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Designing A Paintball Gun Chronograph In A Computer Systems Course Incorporating Intel Microprocessors And Picmicro Microcontrollers

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2004 Annual Conference


Salt Lake City, Utah

Publication Date

June 20, 2004

Start Date

June 20, 2004

End Date

June 23, 2004



Conference Session

Electrical & Computer Engineering Poster Session

Page Count


Page Numbers

9.391.1 - 9.391.11



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Paper Authors

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William Dillard

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NOTE: The first page of text has been automatically extracted and included below in lieu of an abstract

Session: 1532

Designing a Paintball Gun Chronograph in a Computer Systems Course Incorporating Intel Microprocessors and PICmicro Microcontrollers

William Dillard 200 Broun Hall ECE Department Auburn University, AL 36849 Voice: (334) 844-1840 Fax: (334) 844-1809


Most ECE departments teach computer systems using microcontrollers with microtrainers systems. This approach has two deficiencies. First, students must be in the laboratory to debug real-time code and physically connect peripherals, leaving little opportunity for extracurricular experimentation. Second, treating only the microcontroller distances the student from the ubiquitous PC and its standards.

A new approach to teaching computer systems and assembly language for sophomore electrical engineering students is being investigated at Auburn University. Due to curriculum restrictions, the sophomore level course has no formal hardware laboratory. From the outset, four issues were addressed: treating PC-related issues via the 8086 microprocessor (our traditional approach), introducing embedded systems with simple microcontrollers, including a project to add a meaningful hardware experience and providing a means for students to inexpensively program their MCU’s at home.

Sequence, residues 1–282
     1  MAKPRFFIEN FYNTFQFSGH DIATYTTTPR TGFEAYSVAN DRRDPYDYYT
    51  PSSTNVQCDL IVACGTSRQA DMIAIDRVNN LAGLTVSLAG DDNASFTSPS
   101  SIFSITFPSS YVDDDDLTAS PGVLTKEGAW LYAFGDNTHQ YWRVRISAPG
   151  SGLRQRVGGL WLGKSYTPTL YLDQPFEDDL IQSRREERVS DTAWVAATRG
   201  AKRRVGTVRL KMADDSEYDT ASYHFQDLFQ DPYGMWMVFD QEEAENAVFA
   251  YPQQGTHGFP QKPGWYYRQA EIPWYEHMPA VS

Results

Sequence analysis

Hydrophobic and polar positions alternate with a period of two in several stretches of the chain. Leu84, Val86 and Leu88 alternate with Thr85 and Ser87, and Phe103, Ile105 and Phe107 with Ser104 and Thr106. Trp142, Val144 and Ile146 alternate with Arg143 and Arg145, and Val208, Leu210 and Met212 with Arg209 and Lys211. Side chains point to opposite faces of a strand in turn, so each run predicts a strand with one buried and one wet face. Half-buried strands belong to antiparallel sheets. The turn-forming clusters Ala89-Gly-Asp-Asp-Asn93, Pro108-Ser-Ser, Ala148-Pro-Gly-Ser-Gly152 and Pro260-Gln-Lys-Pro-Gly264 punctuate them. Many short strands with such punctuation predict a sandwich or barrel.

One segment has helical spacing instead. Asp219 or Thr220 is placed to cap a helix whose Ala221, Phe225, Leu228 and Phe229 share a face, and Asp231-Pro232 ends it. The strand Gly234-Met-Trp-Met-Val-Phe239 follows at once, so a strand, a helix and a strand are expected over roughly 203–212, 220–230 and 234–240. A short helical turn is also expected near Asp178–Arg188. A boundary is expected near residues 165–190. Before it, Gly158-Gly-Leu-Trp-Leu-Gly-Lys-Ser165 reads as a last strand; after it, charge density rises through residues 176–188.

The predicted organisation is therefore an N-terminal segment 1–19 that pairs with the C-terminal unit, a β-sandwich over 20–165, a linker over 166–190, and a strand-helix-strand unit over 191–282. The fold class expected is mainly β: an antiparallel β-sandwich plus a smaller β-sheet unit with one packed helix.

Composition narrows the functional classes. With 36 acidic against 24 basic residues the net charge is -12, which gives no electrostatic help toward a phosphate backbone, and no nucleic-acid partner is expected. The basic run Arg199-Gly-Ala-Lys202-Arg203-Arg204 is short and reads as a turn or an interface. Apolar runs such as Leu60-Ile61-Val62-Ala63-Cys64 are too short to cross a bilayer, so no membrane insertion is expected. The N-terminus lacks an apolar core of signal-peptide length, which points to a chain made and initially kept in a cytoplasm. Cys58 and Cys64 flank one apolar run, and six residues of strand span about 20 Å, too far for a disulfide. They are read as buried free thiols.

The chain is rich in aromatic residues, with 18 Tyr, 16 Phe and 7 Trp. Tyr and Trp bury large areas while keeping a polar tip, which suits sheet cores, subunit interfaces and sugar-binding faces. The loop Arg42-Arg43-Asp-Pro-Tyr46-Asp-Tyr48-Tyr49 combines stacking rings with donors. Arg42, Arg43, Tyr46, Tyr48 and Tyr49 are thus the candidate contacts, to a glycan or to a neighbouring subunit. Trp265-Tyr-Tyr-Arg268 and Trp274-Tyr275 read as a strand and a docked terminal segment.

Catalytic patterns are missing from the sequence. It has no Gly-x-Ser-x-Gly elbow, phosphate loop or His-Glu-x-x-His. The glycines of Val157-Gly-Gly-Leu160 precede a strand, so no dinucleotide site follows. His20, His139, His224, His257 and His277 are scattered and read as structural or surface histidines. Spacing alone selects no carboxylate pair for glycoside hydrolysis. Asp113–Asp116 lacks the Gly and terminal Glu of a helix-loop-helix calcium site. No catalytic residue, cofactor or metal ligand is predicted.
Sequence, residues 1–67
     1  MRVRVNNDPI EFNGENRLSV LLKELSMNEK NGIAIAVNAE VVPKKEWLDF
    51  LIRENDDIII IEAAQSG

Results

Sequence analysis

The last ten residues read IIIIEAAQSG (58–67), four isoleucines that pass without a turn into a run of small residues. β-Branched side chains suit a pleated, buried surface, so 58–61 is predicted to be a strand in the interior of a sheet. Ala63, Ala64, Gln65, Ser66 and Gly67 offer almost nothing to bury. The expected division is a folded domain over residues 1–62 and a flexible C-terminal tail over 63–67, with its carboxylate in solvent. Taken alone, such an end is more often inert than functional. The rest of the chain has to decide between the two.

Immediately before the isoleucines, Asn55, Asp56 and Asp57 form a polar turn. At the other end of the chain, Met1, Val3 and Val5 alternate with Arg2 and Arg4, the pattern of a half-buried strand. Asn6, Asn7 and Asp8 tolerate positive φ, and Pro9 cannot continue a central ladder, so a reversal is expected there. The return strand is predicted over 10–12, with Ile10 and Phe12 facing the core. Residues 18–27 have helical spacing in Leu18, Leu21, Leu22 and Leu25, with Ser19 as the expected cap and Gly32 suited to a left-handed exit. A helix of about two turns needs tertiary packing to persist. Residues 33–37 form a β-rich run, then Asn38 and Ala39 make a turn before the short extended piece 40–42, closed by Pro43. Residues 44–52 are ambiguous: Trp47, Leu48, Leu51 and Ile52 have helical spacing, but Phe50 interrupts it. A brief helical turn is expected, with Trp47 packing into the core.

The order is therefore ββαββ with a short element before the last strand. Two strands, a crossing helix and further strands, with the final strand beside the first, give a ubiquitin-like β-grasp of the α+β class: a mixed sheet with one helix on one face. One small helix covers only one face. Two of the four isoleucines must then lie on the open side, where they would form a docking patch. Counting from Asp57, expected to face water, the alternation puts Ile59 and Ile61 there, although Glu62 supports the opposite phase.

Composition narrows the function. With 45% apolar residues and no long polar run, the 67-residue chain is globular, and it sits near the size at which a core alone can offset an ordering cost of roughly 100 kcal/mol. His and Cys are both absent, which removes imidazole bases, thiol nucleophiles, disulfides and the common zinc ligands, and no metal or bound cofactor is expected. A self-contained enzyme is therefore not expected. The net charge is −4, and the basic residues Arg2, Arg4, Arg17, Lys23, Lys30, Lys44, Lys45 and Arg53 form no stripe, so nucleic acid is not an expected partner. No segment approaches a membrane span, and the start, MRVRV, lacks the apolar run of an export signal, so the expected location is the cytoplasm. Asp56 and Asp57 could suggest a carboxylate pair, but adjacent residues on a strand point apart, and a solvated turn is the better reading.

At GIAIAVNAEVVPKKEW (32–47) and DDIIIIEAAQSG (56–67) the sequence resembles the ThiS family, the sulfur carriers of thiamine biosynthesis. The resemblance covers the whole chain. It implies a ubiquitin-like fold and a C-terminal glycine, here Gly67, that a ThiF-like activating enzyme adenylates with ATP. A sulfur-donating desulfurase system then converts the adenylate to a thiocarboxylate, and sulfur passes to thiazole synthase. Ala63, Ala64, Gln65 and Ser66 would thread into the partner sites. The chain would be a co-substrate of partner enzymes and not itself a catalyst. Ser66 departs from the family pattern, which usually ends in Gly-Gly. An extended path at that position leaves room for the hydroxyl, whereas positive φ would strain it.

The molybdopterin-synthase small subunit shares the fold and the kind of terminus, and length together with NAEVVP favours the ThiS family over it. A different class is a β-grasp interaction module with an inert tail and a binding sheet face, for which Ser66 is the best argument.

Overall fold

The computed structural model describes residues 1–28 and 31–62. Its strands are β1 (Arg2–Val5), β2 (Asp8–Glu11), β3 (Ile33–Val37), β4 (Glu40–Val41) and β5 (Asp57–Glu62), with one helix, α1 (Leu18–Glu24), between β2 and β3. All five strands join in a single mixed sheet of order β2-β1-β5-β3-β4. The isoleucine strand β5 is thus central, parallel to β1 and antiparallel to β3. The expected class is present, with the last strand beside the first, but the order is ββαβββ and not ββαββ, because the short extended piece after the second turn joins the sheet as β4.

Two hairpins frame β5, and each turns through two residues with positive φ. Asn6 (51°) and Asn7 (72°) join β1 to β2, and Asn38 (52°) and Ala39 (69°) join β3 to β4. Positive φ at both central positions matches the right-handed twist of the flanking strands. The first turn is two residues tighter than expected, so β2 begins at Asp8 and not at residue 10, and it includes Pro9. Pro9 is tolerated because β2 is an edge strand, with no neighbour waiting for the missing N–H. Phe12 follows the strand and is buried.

We selected the PIC12F675 microcontroller and the PICkitTM 1 FLASH Start Kit development board from Microchip Technology, Inc. for our microcontroller studies. Teams of students construct, code, debug and test complete design solutions at home and verify their implementation by real-time execution in class. The paintball chronograph project requires hardware and coding for both the PC and PIC12F675, focusing most of the pertinent course material into a single effort.

Course assessments show that the chronograph project was very successful and highly motivational. Hardware construction was relatively simple and easy to debug. Conducting field tests with “live ammo” in front of the entire class provided both excitement and extra motivation for the work. Also, the concepts of serial protocols and the PC serial port operation, particularly the importance of transfer timing and MCU clocking, were well appreciated.

Proceedings of the 2004 American Society for Engineering Education Annual conference & Exposition Copyright 2004, American Society for engineering Education

Dillard, W. (2004, June), Designing A Paintball Gun Chronograph In A Computer Systems Course Incorporating Intel Microprocessors And Picmicro Microcontrollers Paper presented at 2004 Annual Conference, Salt Lake City, Utah. 10.18260/1-2--13448

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